The only real danger posed by transhumanism, it seems, is that people on both the left and the right may find it much more attractive than the reactionary bioconservatism proffered by Fukuyama, Leon Kass, and the other members of the President’s Council.
Bostrum writes: "Transhumanists propose that everybody should have the option to use such means to enhance various dimensions of their cognitive, emotional, and physical well-being. Not only is this a natural extension of the traditional aims of medicine and technology, but it is also a great humanitarian opportunity to genuinely improve the human condition. According to transhumanists, however, the choice whether to avail oneself of such enhancement options should generally reside with the individual."
In reality, once some people start "enhancing" themselves, the rest of us will have very little choice but to go along.
For example, if it were legal for athletes to use steroids, than anyone who did not use steroids could not compete. If it were legal for students to use Ritalin (or other more effective drugs) to help them concentrate, then anyone who did not use drugs would not be able to pass their classes.
This sort of enhancement does not always enhance our lives. Ritalin makes it easier to perform routine tasks but there is evidence that it diminishes creativity.
Humanity would not necessarily be improved by the consumer choice of enhancements that Bostrom advocates. People will do what is necessary to succeed in our society (take Ritalin to pass tests or genetically engineer their children to be effective computer programmers) - not what will improve the species.
This is a common market failure, but Bostrom doesn't have the slightest clue that it exists. Yet Bostrom claims to have the wisdom to lead us to a transhuman future.
Of course, tranhumanism is not a natural extension of the traditional role of medicine, which is to cure diseases.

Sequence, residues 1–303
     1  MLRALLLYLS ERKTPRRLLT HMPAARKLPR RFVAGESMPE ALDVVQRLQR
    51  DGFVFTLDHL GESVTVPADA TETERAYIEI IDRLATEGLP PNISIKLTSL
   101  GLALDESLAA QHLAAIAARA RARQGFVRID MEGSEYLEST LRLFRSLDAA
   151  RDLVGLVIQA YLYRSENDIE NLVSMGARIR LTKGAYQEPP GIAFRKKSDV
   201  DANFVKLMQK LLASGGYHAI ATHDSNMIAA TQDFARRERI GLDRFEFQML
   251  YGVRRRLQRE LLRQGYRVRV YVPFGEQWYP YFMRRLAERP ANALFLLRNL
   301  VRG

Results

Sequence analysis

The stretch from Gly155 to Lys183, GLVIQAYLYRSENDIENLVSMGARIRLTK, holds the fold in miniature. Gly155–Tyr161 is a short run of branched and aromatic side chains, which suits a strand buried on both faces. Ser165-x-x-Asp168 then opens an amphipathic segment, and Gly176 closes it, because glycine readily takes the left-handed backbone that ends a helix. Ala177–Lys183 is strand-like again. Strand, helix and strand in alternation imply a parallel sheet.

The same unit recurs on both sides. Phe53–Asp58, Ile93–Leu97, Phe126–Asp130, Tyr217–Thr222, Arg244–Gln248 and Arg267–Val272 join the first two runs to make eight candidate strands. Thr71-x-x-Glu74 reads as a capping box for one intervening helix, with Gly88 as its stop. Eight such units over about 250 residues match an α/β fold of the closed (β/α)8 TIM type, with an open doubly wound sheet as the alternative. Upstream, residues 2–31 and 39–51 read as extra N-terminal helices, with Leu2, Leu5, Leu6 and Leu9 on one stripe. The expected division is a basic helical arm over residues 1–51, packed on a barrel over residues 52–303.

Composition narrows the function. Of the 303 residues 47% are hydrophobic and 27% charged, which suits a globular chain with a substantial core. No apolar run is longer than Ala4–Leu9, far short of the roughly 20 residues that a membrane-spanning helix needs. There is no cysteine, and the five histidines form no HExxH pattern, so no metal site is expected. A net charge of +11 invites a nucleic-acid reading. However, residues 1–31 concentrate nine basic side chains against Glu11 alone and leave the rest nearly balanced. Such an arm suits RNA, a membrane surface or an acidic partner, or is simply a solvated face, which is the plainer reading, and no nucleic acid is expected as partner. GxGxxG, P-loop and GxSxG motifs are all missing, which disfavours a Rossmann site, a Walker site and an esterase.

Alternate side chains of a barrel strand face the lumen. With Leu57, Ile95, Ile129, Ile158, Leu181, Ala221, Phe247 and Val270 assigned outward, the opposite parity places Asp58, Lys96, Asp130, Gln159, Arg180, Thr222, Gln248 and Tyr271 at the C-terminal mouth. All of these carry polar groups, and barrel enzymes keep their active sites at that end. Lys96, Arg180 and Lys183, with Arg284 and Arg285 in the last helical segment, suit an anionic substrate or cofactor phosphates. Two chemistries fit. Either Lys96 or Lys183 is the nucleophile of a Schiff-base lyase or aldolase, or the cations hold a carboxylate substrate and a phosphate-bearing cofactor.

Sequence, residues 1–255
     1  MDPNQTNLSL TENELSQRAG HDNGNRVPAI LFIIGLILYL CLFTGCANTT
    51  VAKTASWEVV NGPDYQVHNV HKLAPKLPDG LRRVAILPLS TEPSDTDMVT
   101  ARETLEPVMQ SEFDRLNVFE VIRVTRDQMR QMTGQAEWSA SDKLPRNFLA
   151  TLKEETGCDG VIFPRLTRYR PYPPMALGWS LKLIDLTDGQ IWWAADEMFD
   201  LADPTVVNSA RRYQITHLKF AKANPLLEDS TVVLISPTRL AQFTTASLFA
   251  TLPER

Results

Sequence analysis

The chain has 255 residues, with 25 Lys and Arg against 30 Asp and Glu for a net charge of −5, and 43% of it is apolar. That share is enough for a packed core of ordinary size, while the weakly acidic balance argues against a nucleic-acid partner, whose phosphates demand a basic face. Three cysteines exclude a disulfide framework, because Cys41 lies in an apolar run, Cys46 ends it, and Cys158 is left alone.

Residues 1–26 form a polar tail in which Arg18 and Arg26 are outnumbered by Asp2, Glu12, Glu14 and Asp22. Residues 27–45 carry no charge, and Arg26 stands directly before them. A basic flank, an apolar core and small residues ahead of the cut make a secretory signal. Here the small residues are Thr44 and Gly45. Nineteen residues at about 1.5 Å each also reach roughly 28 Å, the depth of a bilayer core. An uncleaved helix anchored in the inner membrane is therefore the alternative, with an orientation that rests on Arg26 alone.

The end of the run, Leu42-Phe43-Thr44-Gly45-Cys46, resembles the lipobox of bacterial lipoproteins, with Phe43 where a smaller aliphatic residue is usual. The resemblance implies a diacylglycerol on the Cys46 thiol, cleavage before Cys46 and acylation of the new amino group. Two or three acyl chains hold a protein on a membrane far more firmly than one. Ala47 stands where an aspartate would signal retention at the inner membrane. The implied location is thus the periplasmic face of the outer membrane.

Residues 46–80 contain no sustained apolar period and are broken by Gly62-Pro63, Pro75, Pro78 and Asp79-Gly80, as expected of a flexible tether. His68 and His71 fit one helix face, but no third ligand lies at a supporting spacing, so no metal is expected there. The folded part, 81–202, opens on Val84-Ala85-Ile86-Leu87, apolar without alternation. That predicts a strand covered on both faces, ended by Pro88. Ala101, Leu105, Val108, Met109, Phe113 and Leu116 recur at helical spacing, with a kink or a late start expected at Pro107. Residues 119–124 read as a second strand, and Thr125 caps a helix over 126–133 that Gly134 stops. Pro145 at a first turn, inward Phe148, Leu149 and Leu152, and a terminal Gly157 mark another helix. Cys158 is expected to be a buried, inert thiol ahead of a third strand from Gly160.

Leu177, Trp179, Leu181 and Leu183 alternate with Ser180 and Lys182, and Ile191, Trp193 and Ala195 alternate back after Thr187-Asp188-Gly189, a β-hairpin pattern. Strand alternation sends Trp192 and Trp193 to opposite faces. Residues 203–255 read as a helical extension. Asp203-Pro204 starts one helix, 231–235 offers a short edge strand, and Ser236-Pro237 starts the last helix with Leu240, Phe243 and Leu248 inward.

>For example, if it were legal for athletes to use steroids, than anyone who did not use steroids could not compete.
They could compete in different divisions. The athletes who wanted fame and fortune could compete with enhancements. Their competitions would be spectator sports (just like today). Other athletes could compete without enhancements for the love of the game.
>Humanity would not necessarily be improved by the consumer choice of enhancements that Bostrom advocates. People will do what is necessary to succeed in our society (take Ritalin to pass tests or genetically engineer their children to be effective computer programmers) - not what will improve the species.
Isn't it *fun* to do something well? More fun means improving the species, right? It sounds like an oversimplification, but it fits well with utilitarianism.
Ideally, with the adoption of enhancements would come an even more liberal understanding, which would allow for individuals who chose not go to school or take ritalin, and instead dream lucid dreams, write novels, and get high on psychedelics. This is a difficult problem that will have to be solved.
The sort of creativity/concentration trade off brought by ritalin may or may not be common with enhancements. If it is, then it's a problem that needs to be discussed.